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Laboure Roi Echezeaux Grand Cru 1996

Pinot Noir from Burgundy, France
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Laboure Roi

Laboure Roi

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Laboure Roi , , France - Other regions
Laboure Roi
Armand Cottin acquired Laboure-Roi in 1974. From its start in 1832, the small yet prestigious Burgundy negociant house--established in Nuits-Saint-Georges by Messrs. Laboure and Roi--had been firmly rooted in the local winemaking community, enjoying an excellent reputation for its high quality wines.

Under the leadership of Armand and his brother Louis who later joined him, Laboure-Roi has become what is today the third largest source of Burgundy wines.

A key element in the transformation and continued success of Laboure-Roi is the Cottin brothers' readiness to embrace progress, supported by their extensive investment in state-of-the-art technology. The Laboure-Roi winemaking facility in Nuits-Saint-Georges is indisputably one of the finest in Burgundy. The winery, which boasts a cellaring capacity of 2,000 barrels, supplements the house's historic cellars. Dating back to the 16th century, the ancient cellars are still used today for the storing and aging select bottles.

Laboure-Roi pioneered the concept of presenting single estate wines under each respective domaine's label. Laboure-Roi's staff of five winemakers provides these growers with ongoing guidance to ensure that each individual wine meets the house standards of quality and reflects the unique characteristics of its respective terroir.

By far the largest and best-known winemaking province in Argentina, Mendoza is responsible for over 70% of the country’s enological output. Set in the eastern foothills of the Andes Mountains, the climate is dry and continental, presenting relatively few challenges for viticulturists during the growing season. Mendoza is divided into several distinctive sub-regions, including Luján de Cuyo and the Uco Valley—two sources of some of the country’s finest wines.

For many wine lovers, Mendoza is practically synonymous with Malbec, originally a Bordelaise variety brought to Argentina by the French in the mid-1800s. Here it found success and renown it never could have achieved in its homeland due to its struggle to ripen fully in finicky climates. Cabernet Sauvignon, Syrah, Merlot, and Pinot Noir are all widely planted here as well (and often blended with one another. The best white wines are made from Chardonnay, and there are excellent examples to be found as well from Torrontés, Sauvignon Blanc, and Sémillon.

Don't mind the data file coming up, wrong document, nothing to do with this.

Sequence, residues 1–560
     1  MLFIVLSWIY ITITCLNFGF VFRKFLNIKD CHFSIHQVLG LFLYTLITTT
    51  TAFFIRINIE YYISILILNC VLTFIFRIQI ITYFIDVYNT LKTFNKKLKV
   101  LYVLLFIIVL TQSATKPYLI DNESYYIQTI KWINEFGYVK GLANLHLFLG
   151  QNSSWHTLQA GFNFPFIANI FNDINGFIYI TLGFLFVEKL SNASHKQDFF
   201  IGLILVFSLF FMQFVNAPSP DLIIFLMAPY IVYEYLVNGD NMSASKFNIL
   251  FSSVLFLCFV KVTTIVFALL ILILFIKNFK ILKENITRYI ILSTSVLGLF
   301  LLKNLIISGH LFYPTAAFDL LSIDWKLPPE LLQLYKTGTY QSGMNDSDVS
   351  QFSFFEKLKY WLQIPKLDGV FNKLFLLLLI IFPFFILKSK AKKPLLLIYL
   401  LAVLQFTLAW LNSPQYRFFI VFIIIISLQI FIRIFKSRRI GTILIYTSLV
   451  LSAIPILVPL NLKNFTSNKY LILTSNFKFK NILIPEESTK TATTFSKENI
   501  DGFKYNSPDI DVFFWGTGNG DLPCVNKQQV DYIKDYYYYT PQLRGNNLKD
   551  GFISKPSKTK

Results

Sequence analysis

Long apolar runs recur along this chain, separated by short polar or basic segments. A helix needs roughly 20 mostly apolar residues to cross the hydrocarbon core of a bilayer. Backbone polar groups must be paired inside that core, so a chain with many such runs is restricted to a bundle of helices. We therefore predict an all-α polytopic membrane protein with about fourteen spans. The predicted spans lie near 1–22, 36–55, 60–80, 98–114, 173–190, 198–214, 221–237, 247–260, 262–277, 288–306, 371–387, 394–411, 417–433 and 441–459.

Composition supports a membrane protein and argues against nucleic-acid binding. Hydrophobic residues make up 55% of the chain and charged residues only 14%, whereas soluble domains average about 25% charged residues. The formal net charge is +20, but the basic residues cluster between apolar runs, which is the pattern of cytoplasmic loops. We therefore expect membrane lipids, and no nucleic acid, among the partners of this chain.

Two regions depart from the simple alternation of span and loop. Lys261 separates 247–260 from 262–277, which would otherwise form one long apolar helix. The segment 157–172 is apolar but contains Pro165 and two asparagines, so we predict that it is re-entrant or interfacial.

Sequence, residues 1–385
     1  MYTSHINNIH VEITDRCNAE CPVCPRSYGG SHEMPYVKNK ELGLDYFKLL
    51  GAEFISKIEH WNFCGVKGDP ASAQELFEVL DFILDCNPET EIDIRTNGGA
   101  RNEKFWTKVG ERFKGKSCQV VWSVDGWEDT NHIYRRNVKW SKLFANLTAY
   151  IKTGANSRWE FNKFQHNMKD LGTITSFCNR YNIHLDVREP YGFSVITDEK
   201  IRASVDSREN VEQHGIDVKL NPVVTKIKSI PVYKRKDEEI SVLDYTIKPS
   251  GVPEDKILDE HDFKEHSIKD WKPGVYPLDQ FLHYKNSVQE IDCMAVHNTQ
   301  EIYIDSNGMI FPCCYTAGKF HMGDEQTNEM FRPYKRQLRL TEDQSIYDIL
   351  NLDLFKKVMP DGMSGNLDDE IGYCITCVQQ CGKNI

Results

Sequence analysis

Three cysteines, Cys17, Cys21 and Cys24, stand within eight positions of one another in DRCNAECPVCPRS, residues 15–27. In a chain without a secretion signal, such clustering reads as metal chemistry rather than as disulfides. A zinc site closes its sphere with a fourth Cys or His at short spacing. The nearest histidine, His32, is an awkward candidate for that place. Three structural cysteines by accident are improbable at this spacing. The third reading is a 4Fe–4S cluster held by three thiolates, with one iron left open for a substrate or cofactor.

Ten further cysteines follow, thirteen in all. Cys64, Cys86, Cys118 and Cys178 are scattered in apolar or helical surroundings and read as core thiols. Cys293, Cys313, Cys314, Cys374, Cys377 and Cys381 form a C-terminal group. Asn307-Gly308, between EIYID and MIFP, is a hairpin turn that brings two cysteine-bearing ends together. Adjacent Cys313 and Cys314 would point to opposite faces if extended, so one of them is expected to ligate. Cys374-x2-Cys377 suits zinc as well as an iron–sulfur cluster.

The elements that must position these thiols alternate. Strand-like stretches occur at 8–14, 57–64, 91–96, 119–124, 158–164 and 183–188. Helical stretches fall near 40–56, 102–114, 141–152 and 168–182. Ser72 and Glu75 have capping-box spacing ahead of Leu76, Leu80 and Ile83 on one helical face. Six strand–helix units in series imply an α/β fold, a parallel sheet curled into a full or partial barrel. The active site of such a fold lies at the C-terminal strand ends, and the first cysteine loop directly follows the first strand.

Known for its big, bold flavors and supple texture, Malbec is most famous for its runaway success in Argentina. However, the variety actually originates in Bordeaux, where it historically contributed color and tannin to blends but was susceptible to viticultural problems. After being nearly wiped out by a devastating frost in 1956, it was never significantly replanted, although it did flourish under the name Côt in nearby Cahors. Malbec was brought to Argentina in 1868 by a French agronomist who saw great potential for the variety in Mendoza’s hot, high-altitude landscape, but did not gain its current reputation as the national grape of Argentina until a surge in popularity in the late 20th century thanks to its easy-going drinkability.

In the Glass

Malbec typically expresses deep flavors of freshly turned earth, black fruits from berries to plums, and licorice, appropriately backed by dense, chewy tannins. In warmer, New World regions, such as Mendoza, it can be quite intense and often needs time to mellow before becoming drinkable. In the Old World, its rusticity shines, with aged examples showing dusty notes of leather and tobacco. The best examples in all regions often possess a beguiling bouquet of violets.

Perfect Parings

Malbec’s rustic character begs for flavorful dishes, like spicy grilled sausages or the classic cassoulet of France’s Southwest. South American iterations are best enjoyed as they would be in Argentina: with a thick, juicy steak.

Sommelier Secret

If you’re trying to please a crowd, Malbec is generally a safe bet. With its combination of bold flavors and soft tannins, it will appeal to basically anyone who enjoys red wine. Malbec also wins bonus points for affordability, as even the most inexpensive examples are often quite good.

MNC2347011_1996 Item# 14678

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